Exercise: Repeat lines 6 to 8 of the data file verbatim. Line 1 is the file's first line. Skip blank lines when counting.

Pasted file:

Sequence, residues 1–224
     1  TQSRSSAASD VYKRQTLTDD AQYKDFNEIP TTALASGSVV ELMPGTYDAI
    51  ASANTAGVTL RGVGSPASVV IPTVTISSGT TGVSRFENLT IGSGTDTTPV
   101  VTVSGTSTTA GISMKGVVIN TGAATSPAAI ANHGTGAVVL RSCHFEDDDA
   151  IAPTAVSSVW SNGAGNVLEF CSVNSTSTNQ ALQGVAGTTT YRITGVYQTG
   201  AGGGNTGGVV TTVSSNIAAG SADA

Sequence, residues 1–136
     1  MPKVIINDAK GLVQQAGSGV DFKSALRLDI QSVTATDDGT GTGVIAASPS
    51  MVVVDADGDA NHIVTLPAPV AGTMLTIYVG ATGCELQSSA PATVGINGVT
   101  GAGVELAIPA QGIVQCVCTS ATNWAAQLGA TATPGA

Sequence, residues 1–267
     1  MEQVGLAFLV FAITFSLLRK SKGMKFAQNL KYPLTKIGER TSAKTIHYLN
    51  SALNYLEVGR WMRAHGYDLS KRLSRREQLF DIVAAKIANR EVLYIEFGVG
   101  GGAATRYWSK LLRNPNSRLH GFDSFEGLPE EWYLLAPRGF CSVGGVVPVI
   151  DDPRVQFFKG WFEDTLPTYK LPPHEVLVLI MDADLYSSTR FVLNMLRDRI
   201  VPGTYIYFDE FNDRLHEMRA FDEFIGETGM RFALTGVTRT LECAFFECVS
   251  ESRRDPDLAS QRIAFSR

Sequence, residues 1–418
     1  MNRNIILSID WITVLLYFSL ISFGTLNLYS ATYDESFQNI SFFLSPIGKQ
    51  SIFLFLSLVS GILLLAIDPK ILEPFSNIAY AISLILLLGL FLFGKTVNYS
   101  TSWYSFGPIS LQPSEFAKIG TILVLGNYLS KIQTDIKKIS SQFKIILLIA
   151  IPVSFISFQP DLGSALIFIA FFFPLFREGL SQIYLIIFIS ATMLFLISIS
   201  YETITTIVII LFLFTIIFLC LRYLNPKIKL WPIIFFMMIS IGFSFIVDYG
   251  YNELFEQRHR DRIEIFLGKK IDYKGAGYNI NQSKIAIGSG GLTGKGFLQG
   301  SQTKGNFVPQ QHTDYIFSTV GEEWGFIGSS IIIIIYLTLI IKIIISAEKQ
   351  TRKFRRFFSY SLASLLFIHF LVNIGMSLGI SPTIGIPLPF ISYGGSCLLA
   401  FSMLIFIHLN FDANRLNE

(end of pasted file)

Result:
   201  AGGGNTGGVV TTVSSNIAAG SADA

Sequence, residues 1–136
     1  MPKVIINDAK GLVQQAGSGV DFKSALRLDI QSVTATDDGT GTGVIAASPS